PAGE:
Saving Money Implementing Aviation SMS Programs
Not all aviation service providers are created equal.
- Charter operators;
- Aviation maintenance organizations (AMO);
- Flight schools; or
Other larger operators may be more complex, having parent companies with a combination of:
- Helicopter operations; and
Likewise, there are many aviation service providers operating simultaneously in multiple theaters, such as:
- North America;
- South America;
- Middle East; or
In this article, we'll discuss some common-sense database configurations for aviation safety management systems (SMS). This article is not intended for a beginner or for a simple operator.
Some complex operators have a desire to save money by having one database for the entire parent company. There are times when this could work, and other times when it will come back and bite you in the tender regions.
What Is an Aviation Safety Database Portal?
Before we start discussing aviation SMS database configurations for complex service providers, we should first define what is an aviation SMS database portal.
A Web-based SMS database portal is an access site to data and documents commonly belonging to a single company. Data is logically segregatated to ensure other companies do not see safety data from other companies.
Safety data may include:
- Safety policies and procedures;
- Hazard reports;
- Trending charts;
- Audits and checklists;
- Corrective action preventive action tracking data;
- Pictures or images of safety reports;
- Operational documentation;
- Safety surveys; and
- Meeting minutes.
This list is not all inclusive. But you should know users access to this database of information is based on permissions granted to the user by an administrator. For example, all users with the Department Head role can access all data that is designed to be accessed by department heads. Likewise, all safety managers with access to a portal can see the same data. There may be some granual settings to further isolate access, but logic based on permissions is commonplace among SMS database configurations.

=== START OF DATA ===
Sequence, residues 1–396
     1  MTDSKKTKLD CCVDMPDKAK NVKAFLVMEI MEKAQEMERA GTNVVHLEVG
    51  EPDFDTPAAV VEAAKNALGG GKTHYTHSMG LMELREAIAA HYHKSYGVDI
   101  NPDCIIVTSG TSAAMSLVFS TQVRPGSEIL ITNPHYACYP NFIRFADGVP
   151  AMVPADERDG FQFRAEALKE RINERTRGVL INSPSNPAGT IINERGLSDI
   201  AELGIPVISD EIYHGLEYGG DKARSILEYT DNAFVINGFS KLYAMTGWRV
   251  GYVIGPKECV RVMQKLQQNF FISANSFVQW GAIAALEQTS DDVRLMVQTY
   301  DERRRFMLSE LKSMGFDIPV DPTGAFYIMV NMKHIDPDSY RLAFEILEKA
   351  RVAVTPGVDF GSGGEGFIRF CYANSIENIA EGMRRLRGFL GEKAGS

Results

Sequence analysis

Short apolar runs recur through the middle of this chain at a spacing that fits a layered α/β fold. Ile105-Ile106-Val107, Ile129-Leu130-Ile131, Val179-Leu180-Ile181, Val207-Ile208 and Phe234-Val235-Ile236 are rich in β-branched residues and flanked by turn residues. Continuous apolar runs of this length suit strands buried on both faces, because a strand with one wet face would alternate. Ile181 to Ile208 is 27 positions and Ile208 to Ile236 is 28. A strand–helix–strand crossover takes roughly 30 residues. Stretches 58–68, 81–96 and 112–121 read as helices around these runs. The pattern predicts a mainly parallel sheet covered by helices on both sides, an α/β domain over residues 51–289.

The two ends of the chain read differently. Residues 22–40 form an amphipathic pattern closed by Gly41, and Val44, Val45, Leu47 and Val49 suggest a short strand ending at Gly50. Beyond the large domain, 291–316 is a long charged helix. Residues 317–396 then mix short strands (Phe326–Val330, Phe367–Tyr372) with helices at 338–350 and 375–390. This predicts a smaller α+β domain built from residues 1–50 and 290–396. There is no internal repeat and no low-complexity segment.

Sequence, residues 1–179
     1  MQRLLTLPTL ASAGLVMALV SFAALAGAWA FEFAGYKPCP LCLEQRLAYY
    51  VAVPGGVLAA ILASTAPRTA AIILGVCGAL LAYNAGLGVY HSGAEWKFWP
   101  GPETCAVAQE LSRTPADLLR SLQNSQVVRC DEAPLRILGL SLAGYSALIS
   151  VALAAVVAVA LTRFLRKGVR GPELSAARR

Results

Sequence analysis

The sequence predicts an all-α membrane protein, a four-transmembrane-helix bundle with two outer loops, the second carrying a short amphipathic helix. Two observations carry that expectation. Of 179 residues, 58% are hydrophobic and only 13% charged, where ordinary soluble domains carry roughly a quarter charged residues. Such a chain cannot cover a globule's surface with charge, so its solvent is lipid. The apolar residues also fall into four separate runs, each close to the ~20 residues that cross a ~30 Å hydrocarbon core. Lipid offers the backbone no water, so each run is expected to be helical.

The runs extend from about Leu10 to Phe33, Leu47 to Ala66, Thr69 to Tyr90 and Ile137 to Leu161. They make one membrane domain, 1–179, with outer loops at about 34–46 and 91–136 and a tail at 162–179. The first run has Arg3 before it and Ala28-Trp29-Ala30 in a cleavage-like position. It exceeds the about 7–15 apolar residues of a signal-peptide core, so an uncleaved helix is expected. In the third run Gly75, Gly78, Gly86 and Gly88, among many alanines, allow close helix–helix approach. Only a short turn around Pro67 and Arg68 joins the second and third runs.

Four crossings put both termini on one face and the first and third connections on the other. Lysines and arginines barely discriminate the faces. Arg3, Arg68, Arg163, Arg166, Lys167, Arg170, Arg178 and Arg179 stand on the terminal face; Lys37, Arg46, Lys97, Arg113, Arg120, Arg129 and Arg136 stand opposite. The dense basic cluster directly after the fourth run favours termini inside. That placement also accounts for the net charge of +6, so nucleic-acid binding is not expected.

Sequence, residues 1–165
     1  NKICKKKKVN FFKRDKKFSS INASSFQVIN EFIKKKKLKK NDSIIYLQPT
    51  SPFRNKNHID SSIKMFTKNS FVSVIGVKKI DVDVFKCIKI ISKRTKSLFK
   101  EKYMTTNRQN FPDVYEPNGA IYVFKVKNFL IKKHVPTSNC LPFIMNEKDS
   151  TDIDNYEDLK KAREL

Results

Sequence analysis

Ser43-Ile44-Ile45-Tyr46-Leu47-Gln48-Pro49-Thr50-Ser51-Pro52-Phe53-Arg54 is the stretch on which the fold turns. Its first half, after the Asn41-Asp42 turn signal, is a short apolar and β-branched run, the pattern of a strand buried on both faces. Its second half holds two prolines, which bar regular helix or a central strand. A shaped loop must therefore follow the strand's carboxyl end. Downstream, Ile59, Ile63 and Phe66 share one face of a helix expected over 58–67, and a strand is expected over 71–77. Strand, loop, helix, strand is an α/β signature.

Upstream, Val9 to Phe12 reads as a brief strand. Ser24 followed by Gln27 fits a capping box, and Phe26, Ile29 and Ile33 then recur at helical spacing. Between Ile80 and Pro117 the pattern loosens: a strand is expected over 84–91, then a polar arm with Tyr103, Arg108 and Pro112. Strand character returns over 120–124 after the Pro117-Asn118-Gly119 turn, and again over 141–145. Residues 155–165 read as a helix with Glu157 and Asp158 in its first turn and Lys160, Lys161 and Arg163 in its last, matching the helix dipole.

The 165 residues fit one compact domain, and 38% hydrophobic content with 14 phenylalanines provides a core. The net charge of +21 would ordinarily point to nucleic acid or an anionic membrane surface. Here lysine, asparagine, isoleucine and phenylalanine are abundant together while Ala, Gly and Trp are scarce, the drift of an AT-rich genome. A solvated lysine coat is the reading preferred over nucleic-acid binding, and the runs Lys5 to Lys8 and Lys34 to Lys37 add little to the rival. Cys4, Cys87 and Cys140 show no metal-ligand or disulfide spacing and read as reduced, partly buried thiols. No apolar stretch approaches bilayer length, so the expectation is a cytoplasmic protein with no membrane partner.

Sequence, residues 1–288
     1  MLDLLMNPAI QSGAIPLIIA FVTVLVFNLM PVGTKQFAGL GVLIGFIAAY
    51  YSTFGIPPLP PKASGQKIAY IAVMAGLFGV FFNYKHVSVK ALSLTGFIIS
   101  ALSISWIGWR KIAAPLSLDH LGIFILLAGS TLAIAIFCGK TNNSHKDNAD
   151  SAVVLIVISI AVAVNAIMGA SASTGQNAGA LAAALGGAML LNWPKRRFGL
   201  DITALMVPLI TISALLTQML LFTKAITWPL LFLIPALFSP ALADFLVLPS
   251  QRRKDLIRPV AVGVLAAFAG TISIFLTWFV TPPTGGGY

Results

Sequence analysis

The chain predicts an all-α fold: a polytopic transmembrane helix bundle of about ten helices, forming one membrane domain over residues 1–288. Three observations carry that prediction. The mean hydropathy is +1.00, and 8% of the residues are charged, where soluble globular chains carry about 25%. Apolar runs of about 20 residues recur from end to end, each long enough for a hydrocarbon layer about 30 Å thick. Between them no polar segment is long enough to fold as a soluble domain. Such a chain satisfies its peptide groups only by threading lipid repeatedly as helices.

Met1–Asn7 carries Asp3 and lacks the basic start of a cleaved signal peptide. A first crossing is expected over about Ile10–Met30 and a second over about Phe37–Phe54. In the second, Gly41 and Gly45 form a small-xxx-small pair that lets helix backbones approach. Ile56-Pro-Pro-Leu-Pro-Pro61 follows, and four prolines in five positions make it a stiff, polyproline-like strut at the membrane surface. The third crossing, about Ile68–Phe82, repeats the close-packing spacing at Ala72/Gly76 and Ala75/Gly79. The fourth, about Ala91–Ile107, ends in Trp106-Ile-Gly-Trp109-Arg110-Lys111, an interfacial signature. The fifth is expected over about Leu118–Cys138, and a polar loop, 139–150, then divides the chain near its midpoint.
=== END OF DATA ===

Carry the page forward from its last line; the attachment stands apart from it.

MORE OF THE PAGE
Trying to Save a Dollar for Required Safety Databases
The majority of aviation service providers are required to have an aviation safety database to store hazard reports. This includes most operators in Europe, as this became a law in November 2015. An Excel spreadsheet is not a database; therefore, operators storing hazard reports solely in a spreadsheet are not compliant.
Most aviation service providers are profit driven. Therefore, they want to do as much possible by expending the least amount of resources. It is natural for complex operators to want to use a single database for all their SMS database needs. Let's look to see if you need more than one safety database.
Common Scenarios for Aviation SMS Database Configurations
A homogenous company with fewer than 100 employees operating at a single location will commonly have:
- One safety portal with one division.
By homogenous, I'm referring to a single type of operation, such as an:
- Helicopter operator;
- Charter operator; or
- Flight school.
To understand the concept of aviation safety divisions within SMS Pro, please refer to these two articles:
- What Are Divisions in My Safety Management System
- How to Use Divisions in SMS-Pro's Aviation Safety Database Program
Larger Aviation Operations
Airlines with more than 100 employees commonly have multiple divisions (or you may call them departments), such as:
- Flight ops;
- Ground ops;
- Administration; and
- Safety & Quality.
These operators will have one portal storing all safety management system data in one database, but separated logically by division. This allows an operator to generate meaningful reports that can focus on a specific division, or aggregate data across the entire company.
There are many aviation service provider with mixed types of operations, such as
- Fixed wing;
- Rotor wing.